Ellen Spertus quoted this passage in an MIT tech report she wrote in 1991 on the topic de jour in various tech circles, "Why are there so few female computer scientists?" One part of the article I liked was the section entitled, The Masculine Environment: Behavior Due to Sex-Correlated Differences. Here she discusses how difficult it can be for women to talk with men about non-academic topics as their interests often do not overlap. She also points out that many of the "team-building" activities intending to foster communication among colleagues often involve things that tend to appeal more to men than to women. (In general).
Photo by Adam Crowe

For example, in my department, some recent events purporting to build camaraderie have been: World Cup viewing + drinking beer, happy hour, visiting a bar, some video game events, and recently a long string of XTREME sporting activities. Of the very few female faculty and students in my department, I don't think any participate in these activities. Several come from religious and cultural backgrounds that strongly prohibit drinking-related activities.

While we do have a great mentoring scheme set up for women coming into the department and supporting them while they're here which includes some social events, it's not really the same thing. In fact, while I applaud the efforts, sometimes going to these women-focused events makes me feel like I'm sitting at the kid's table at Thanksgiving. By trying to help us fit in, we are further made separate. I've suggested to various people in my department that perhaps there might be other group activities more amenable to helping us intermix a bit more, so perhaps things will change in the future.

But in the meanwhile: What can a lone woman do to fit in with the men?

The answer lies within the thing that got you into this crazy field in the first place - a deep love (or hatred) of technology. Think of this topic like the weather for computer scientists. I guarantee you that most people in your department are following the latest drama regarding Apple and Flash, Facebook's latest privacy fail, or what neat things the new Kinect will do. And if you're not up on the latest, I strongly suggest subscribing to the ACM's Tech News. It's only three emails a week which you can quickly skim to get an idea of what's happening.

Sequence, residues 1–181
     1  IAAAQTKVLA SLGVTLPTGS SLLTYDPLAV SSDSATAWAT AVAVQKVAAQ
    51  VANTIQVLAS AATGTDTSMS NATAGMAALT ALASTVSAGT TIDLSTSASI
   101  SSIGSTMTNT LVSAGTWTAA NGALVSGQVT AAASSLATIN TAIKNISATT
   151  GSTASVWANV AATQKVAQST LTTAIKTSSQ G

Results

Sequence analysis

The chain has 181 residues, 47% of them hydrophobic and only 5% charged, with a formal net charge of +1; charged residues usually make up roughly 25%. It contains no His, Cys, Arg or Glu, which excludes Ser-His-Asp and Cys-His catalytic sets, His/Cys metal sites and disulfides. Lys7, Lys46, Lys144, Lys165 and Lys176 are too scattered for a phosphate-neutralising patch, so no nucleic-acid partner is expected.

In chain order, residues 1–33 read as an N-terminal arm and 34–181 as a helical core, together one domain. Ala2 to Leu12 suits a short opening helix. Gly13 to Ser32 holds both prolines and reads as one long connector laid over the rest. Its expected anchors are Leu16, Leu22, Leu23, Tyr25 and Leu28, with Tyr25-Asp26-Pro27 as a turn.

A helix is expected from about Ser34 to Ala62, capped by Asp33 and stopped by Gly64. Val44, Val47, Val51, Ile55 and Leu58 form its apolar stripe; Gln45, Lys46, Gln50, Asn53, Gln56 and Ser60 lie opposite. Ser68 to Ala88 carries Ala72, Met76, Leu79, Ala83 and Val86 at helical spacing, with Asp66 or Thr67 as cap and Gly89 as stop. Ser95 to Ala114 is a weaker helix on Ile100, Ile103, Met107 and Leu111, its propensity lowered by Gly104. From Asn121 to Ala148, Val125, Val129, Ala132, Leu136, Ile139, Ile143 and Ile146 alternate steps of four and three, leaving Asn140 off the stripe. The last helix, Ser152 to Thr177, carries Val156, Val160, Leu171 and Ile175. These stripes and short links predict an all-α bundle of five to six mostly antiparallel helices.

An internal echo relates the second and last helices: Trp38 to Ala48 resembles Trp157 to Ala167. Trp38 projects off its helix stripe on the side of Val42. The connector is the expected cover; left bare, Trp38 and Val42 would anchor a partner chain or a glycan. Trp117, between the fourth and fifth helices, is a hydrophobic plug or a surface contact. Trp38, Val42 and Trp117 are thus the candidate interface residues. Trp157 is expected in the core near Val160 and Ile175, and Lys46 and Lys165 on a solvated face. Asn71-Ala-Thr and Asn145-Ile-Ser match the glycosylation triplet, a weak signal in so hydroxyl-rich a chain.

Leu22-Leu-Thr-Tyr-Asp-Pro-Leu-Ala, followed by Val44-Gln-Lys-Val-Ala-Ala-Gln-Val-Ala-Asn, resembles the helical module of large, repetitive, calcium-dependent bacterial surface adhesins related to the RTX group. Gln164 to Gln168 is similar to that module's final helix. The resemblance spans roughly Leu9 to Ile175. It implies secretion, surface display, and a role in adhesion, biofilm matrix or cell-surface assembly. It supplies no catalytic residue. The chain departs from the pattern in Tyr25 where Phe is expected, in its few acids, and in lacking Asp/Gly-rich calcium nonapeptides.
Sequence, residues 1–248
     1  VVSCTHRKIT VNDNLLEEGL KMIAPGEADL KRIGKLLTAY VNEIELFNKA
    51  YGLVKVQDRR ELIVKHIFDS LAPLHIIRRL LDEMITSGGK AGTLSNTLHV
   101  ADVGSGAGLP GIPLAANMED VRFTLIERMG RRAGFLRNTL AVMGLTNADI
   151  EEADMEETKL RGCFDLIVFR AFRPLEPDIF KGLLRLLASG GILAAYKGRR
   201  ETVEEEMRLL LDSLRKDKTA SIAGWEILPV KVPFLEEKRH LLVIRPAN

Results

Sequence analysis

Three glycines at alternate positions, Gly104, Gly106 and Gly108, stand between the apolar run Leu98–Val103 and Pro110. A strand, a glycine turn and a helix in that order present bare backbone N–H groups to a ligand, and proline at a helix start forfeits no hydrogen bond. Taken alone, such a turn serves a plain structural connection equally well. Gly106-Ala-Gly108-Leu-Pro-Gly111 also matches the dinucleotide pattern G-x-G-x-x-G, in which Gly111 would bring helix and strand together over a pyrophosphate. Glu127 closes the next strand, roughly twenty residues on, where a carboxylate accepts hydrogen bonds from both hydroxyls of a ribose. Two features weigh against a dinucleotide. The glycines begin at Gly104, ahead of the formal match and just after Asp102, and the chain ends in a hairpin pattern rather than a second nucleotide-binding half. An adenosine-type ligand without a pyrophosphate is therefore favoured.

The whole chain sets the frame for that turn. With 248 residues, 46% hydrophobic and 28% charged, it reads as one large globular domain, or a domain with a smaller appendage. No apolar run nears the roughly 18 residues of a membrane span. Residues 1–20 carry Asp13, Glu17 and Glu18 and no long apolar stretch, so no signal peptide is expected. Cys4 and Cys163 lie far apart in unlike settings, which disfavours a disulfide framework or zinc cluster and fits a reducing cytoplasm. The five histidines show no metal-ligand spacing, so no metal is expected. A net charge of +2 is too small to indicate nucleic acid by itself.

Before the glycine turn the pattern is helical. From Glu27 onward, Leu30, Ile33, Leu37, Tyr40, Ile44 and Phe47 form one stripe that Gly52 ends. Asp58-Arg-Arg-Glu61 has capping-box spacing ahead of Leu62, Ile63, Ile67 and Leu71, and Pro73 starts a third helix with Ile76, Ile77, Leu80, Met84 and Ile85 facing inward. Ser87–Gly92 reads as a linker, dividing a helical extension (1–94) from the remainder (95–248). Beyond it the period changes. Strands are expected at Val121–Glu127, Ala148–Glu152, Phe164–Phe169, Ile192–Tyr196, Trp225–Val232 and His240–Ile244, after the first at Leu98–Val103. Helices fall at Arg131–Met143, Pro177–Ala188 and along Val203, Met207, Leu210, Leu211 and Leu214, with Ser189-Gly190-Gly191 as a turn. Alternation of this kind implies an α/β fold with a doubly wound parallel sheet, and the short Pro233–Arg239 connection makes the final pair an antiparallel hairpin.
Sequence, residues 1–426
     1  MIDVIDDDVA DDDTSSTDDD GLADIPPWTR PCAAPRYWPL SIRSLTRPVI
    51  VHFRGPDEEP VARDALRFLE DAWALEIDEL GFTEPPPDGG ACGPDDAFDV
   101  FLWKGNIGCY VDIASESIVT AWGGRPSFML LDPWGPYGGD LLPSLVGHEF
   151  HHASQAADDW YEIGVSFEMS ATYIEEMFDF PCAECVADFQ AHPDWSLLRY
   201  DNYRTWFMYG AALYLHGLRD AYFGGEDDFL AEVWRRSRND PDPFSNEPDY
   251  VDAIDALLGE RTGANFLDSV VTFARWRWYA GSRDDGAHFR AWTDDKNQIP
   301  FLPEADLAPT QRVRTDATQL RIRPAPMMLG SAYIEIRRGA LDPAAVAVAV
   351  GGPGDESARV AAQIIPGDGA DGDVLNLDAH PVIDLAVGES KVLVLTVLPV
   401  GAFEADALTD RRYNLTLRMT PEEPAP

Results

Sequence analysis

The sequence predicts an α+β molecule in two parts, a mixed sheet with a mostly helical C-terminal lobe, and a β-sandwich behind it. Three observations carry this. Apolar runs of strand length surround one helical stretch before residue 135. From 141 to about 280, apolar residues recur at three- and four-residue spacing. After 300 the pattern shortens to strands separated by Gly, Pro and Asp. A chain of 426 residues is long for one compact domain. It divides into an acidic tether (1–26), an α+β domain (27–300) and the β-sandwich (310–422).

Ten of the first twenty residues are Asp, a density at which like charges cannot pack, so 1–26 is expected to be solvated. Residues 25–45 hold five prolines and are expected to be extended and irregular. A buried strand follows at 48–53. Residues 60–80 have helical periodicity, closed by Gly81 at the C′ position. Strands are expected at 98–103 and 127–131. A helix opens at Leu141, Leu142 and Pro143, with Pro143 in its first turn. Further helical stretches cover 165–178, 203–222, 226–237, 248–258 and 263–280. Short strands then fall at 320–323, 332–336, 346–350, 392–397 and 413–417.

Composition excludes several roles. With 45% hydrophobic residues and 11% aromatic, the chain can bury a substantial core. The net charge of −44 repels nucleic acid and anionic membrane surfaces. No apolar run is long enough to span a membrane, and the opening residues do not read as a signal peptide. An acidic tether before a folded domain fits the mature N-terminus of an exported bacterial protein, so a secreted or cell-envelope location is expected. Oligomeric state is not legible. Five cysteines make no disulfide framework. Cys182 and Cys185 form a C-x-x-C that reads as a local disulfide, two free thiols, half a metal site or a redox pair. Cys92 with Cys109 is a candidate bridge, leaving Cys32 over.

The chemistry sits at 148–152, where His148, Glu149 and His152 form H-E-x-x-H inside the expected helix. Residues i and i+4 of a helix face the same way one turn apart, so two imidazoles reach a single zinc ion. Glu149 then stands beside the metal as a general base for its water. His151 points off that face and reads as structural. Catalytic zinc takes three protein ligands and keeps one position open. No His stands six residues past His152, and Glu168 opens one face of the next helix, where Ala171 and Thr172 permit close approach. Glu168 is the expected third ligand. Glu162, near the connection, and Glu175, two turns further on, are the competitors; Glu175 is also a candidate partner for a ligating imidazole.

Talking tech is a great way to break the ice and start to develop the rapport that is essential to being accepted into (and thus feeling comfortable in) a male-dominated department.

Monday, June 21, 2010

"Can I call you 'babe'?"

Recently I was chatting with some colleagues, and we were discussing a researcher joining our group. One person started to say, "And this new girl-,"  looks at me, "-Oh, or should I say, 'woman'?"

All the men in the room turned to look at me.

"Definitely 'woman'. I would only say 'girl' if I was speaking about a child."

This question actually sparked a good, productive conversation. Sometimes these situations can get awkward when one is asked to represent their entire sex, but I really appreciate it when people care enough about their language to ask.

Photo by Occhiovio
I also really appreciate when people correct me on my language usage. Lately I've been trying to not use ableist language in my speech, and am glad to be called on it. It's really difficult to deprogram yourself once you establish certain patterns, but it's worth it.

Why? Because language shapes thought. While the Sapir-Whorf Hypothesis is unlikely to be true in its strongest form (language determines thought), it is most certainly true in its weak form (language influences thought). Recently cultural neuroscience has been making a splash, showing things like how people raised in individualistic or collectivist cultures will respond to the same words in completely different ways. Other studies have suggested that education level affects how people differ in the way they consider concepts such as freedom and choice.  And who knows if any of the studies we've conducted over the past century have external validity outside WEIRD (Western, Educated, Industrialized, Rich, and Democratic) populations.